OPEN Proceedings of the National Academy of Sciences of the United States of America | 2 Dec 2015
R Rader, I Bartomeus, LA Garibaldi, MP Garratt, BG Howlett, R Winfree, SA Cunningham, MM Mayfield, AD Arthur, GK Andersson, R Bommarco, C Brittain, LG Carvalheiro, NP Chacoff, MH Entling, B Foully, BM Freitas, B Gemmill-Herren, J Ghazoul, SR Griffin, CL Gross, L Herbertsson, F Herzog, J Hipólito, S Jaggar, F Jauker, AM Klein, D Kleijn, S Krishnan, CQ Lemos, SA Lindström, Y Mandelik, VM Monteiro, W Nelson, L Nilsson, DE Pattemore, N de O Pereira, G Pisanty, SG Potts, M Reemer, M Rundlöf, CS Sheffield, J Scheper, C Schüepp, HG Smith, DA Stanley, JC Stout, H Szentgyörgyi, H Taki, CH Vergara, BF Viana and M Woyciechowski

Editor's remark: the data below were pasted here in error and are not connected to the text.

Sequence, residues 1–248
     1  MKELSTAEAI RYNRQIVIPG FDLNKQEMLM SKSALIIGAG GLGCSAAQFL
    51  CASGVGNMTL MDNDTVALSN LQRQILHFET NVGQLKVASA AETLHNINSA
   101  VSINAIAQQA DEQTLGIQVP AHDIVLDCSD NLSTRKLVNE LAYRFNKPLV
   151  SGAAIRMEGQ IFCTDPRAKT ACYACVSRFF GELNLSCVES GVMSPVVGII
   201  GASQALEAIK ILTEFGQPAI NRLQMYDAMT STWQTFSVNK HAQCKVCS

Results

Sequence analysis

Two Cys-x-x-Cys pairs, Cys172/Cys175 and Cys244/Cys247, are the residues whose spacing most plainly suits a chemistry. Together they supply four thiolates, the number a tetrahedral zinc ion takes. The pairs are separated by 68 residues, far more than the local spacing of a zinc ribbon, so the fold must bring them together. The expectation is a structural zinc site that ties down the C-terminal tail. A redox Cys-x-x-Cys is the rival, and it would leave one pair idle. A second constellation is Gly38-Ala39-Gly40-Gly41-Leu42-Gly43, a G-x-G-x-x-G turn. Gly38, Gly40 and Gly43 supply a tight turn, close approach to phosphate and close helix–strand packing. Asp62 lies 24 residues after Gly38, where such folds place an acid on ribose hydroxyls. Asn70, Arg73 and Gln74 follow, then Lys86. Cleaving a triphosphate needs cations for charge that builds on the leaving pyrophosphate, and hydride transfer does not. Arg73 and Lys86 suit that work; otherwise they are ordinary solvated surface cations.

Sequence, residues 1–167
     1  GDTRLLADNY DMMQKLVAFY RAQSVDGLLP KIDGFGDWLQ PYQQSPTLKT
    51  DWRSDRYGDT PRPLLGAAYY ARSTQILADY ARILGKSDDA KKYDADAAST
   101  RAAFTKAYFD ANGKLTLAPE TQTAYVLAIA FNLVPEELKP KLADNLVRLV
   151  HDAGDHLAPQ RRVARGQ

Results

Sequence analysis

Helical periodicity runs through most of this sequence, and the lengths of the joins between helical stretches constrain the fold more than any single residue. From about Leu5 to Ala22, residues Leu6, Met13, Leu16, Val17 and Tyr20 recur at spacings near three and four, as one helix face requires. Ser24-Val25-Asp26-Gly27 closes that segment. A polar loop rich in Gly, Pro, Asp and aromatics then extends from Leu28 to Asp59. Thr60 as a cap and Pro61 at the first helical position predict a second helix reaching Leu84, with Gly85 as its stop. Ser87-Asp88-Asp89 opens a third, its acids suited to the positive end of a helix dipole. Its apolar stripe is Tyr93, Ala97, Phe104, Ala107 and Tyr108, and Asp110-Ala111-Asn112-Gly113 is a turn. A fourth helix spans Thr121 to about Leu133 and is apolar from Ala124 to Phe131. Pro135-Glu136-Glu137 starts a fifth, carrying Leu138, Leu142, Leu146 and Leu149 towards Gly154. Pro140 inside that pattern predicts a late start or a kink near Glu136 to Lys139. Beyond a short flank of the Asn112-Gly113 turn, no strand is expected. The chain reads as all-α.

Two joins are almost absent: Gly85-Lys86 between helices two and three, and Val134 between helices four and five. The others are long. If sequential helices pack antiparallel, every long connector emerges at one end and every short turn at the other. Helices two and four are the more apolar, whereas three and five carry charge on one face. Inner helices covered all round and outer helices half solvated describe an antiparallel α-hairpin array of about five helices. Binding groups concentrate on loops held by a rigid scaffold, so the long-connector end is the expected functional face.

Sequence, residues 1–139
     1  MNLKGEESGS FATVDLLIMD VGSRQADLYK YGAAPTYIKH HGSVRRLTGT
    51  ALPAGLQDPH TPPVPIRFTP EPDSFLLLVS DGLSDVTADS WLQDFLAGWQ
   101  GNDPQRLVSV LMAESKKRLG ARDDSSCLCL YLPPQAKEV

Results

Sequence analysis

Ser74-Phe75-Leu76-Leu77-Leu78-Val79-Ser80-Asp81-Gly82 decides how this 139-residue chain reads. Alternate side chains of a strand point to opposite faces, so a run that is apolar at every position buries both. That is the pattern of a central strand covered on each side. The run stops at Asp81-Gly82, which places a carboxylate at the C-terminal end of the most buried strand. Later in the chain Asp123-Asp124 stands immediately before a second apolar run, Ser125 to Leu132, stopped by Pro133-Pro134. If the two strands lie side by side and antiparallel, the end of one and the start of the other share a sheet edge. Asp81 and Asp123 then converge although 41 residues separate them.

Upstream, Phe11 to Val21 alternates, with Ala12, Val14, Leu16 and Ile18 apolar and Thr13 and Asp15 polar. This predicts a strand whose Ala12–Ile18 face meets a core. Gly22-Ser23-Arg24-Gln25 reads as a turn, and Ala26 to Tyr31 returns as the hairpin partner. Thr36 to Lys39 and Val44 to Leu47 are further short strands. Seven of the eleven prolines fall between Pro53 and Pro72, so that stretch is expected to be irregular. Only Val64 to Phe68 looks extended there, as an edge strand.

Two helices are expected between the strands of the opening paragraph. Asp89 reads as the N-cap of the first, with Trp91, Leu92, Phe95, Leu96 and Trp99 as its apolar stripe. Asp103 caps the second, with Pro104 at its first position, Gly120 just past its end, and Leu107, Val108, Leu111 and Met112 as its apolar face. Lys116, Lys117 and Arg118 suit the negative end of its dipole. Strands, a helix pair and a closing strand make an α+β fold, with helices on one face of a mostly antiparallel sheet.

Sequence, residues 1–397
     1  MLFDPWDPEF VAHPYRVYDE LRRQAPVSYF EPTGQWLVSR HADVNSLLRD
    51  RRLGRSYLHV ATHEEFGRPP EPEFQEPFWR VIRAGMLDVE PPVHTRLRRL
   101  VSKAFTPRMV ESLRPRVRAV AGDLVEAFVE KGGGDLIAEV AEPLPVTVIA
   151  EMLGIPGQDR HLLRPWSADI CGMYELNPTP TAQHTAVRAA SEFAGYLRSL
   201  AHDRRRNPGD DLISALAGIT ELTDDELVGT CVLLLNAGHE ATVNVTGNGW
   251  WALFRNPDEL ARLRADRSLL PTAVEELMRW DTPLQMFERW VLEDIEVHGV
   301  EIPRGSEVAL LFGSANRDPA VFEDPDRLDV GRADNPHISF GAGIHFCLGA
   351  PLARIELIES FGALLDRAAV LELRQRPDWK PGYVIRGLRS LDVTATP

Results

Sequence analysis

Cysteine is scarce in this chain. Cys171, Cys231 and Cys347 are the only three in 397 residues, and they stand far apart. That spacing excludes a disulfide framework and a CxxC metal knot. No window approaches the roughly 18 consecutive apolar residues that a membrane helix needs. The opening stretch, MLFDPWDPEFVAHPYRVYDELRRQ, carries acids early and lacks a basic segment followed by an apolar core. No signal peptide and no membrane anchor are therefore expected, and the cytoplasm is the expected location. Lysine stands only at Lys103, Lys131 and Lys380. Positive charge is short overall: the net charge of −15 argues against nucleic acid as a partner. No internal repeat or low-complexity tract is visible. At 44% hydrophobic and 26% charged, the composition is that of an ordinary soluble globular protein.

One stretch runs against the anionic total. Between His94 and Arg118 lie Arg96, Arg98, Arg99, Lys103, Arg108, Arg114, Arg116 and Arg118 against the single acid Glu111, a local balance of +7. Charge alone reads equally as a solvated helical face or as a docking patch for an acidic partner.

Wild and managed bees are well documented as effective pollinators of global crops of economic importance. However, the contributions by pollinators other than bees have been little explored despite their potential to contribute to crop production and stability in the face of environmental change. Non-bee pollinators include flies, beetles, moths, butterflies, wasps, ants, birds, and bats, among others. Here we focus on non-bee insects and synthesize 39 field studies from five continents that directly measured the crop pollination services provided by non-bees, honey bees, and other bees to compare the relative contributions of these taxa. Non-bees performed 25-50% of the total number of flower visits. Although non-bees were less effective pollinators than bees per flower visit, they made more visits; thus these two factors compensated for each other, resulting in pollination services rendered by non-bees that were similar to those provided by bees. In the subset of studies that measured fruit set, fruit set increased with non-bee insect visits independently of bee visitation rates, indicating that non-bee insects provide a unique benefit that is not provided by bees. We also show that non-bee insects are not as reliant as bees on the presence of remnant natural or seminatural habitat in the surrounding landscape. These results strongly suggest that non-bee insect pollinators play a significant role in global crop production and respond differently than bees to landscape structure, probably making their crop pollination services more robust to changes in land use. Non-bee insects provide a valuable service and provide potential insurance against bee population declines.
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